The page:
Tuesday, January 7, 2020

Reading: New Year's Day


I love New Year’s Day!  No presents to wrap, rooms to clean or food to cook…  just me and a book.

I usually pick a fiction book for my New Year’s Day read, but this time I was curious about a new-to-me book called called Plague: One Scientist’s Intrepid Search for the Truth about Human Retroviruses and Chronic Fatigue Syndrome (ME/CFS), Autism and Other Diseases (2014) by Kent Heckenlively and Judy Mikovits.

The book chronicles Mikovits’ work over a 5 year period where she investigates the second retrovirus of her career, XMRV.  (The first was HIV.)  Her amazing journey starts with the creation of the Whittemore-Peterson Institute for Neuro-Immune Disease at the University of Nevada.  This part of her journey ends with her as a witness for the federal government against her former employer, Harvey Whittemore, for illegal campaign contributions. Along the way she encountered the prejudices surrounding Chronic Fatigue Syndrome (CFS), wandered into the minefield that is autism research, and struggled to maintain her faith in the profession to which she had dedicated her life.  She also published research regarding the retrovirus XMRV that linked it to CFS, prostate cancer, lymphoma, and eventually neurodevelopmental disorders in children.

Whom better than a research scientist to write about the state of the scientific research at present?  A second book to be released in March 2020 is titled Plague of Corruption: Restoring faith in the promise of science; one I will definitely pre-order and devour.  The next time I hear that "science" backs a claim, I will certainly think about Dr. Mikovits’ ongoing experiences, and adjust my enthusiasm accordingly.  I was already skeptical of "bias free research."  Reading the story of her personal experience opened my eyes to new ways multiple players can and do manipulate and influence what the public gets to hear and know about health science and research.




Cheryl Brown is co-creator of the Storytent and Bookwagon programs, QLNB's Community Literacy Coordinator, and long-time advocate for and facilitator of a variety of family literacy initiatives.

Friday, January 3, 2020

Reading: New Year's Eve


Texts shape us by reflecting the politics and values of our society.
     - Mem Fox


Happy 2020!  It’s a new year, and I have decided to document and share books I read, no matter the reason.

On the eve of 2020, I was out with some friends for a New Year’s Eve supper.  While talking about her grand-kids, one friend asked if I knew the book Paper Bag Princess by Robert Munsch.  She said she loved the strong female character portrayal, and she had just purchased a copy for her granddaughters.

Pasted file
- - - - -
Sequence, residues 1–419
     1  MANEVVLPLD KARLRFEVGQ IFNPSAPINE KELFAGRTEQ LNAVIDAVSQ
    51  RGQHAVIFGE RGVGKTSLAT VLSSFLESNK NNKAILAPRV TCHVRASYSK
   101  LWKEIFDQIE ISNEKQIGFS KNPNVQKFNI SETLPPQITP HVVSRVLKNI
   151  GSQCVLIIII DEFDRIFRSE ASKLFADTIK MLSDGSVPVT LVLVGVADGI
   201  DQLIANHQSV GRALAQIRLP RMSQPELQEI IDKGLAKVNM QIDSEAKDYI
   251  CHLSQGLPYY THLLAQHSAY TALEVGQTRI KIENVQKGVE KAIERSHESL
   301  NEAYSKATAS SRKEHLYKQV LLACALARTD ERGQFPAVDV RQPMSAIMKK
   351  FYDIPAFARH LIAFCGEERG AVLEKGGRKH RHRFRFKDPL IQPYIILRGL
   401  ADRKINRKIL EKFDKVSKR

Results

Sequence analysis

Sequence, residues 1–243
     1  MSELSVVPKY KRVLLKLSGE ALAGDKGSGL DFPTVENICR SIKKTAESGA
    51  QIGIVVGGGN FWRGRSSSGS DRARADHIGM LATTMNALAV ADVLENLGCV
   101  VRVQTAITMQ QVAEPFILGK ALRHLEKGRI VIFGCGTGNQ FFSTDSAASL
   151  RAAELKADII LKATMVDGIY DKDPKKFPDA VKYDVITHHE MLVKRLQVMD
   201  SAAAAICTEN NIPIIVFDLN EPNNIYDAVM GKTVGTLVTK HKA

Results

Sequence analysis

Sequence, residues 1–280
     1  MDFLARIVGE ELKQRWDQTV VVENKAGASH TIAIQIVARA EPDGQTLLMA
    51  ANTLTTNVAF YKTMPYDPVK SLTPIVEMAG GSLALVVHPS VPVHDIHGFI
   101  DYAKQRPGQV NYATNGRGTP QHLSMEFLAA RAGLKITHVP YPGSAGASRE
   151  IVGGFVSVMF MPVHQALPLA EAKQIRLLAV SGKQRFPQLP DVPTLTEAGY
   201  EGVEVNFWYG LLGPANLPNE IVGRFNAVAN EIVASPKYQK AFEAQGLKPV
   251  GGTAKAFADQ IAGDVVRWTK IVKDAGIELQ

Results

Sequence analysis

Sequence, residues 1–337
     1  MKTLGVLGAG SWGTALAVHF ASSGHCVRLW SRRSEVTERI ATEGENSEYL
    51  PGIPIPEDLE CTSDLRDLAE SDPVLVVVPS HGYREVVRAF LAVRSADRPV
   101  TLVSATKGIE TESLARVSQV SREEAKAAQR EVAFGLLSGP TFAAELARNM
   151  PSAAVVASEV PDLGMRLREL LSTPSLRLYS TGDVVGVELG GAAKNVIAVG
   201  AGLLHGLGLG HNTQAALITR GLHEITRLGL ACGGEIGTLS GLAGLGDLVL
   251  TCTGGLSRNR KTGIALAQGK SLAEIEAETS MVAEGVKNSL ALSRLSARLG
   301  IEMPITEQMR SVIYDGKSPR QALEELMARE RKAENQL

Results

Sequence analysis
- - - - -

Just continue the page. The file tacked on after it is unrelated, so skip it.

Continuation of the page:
"Elizabeth" I said, in my best storytent voice, "was a beeuuuutiful princess…!”  Yes, I know this story.  I love this story.  I could quote whole passages, and I dressed up as the paperbag princess one Hallowe'en not long ago.

Listening to her talk about Munsch's book, I thought I heard her saying she wanted to provide her granddaughters stories with strong female characters.  I know this is an important idea for her:  She is a strong  female herself and so are her two daughters.

Later that evening, at home helping my 25-year old daughter pack (she's getting ready to move), I noted some of the picture books she'd chosen to keep on her bookshelf: The Balloon Tree by Phoebe Gilman; The Paint Box by Maxine Trottier; and The Seventh Door by Michael Leach.  I sat down and re-read them to myself.  Here were more popular children's books with strong female characters.

Then I excitedly looked to my own picture book shelf to see what other titles my daughter and I might have read and held on to.  I found - and immediately re-read - The Adventures of Isabel by Ogden Nash, Maxine’s Tree by Diane Carmel Legere, and Mirette on the High Wire by Emily Arnold McCully.

I started to make a mental list of these books, thinking I would share the titles with my friend.  Then I went looking for pre-made lists online.

According to Goodreads, there are over 250 books with "strong, independent, resourceful female characters [f]or readers who are tired of reading about females only as family caretakers and/or as princesses who are rescued by a prince."  A site called  Amightygirl.com lists the "Top 100 Mighty Girl Books."  A site called Notimeforflashcards.com offers "Picture Books About Strong Girls."

Well, I couldn't read all these books before bedtime, but I was pleased to see The Paperbag Princess is on all three lists.  Go Elizabeth!  And that was how I read in the New Year.




Cheryl Brown is co-creator of the Storytent and Bookwagon programs, QLNB's Community Literacy Coordinator, and long-time advocate for and facilitator of a variety of family literacy initiatives.



Friday, October 18, 2019

Local Neighbourhood Literacy organization receives Canada Post Community Foundation support

On October 16, 2019 Canada Post Community Foundation presented $2000 to
Quality Learning NB for neighbourhood holiday literacy initiatives.
 L-R are:  Michele McGree, Local Area Supervisor; Chris Victory, Local Area Superintendent;
Cheryl Brown, Literacy Coordinator (QLNB);
Nancy Blizzard, Regional Area Manager; and Mary Hunter, Retail Clerk.

Quality Learning New Brunswick has received $2000.00 from the Canada Post Community Foundation for an important project in Saint John’s North End Neighbourhoods: The Holiday Book Giveaway.

Quality Learning New Brunswick is an organization led by volunteers that offers literacy supports families and communities request in order to make healthy choices.  This project grew out of relationships that were formed during Storytent events and programming in focus neighbourhoods.  “For various reasons, obtaining great children’s books that will facilitate the love and joy of reading can be challenging for many families,” says QLNB Storytent Worker Wendell Dryden.   “We were first asked to read stories or do puppet shows at neighbourhood association’s Christmas parties, and over the years, the project has become what it is now:  we add new books to the gift giving for all the children in attendance, and provide open-ended pro-literacy activities during neighbourhood events in December.  In another neighbourhood, we add new books for each child to Family Christmas Boxes provided by Rivercross Mission.” Book ownership is an important part of a young child’s reading development journey.  Janet McLaughlin, President of the Crescent Valley Community Tenant’s Association, indicates that “We are very excited to get the books at Christmas and at other times of the year.  We get most of our children’s books from these types of events.”  Last year this project saw more than 250 books go home with children from birth – 12, and the Canada Post grant will help reach even more children this year.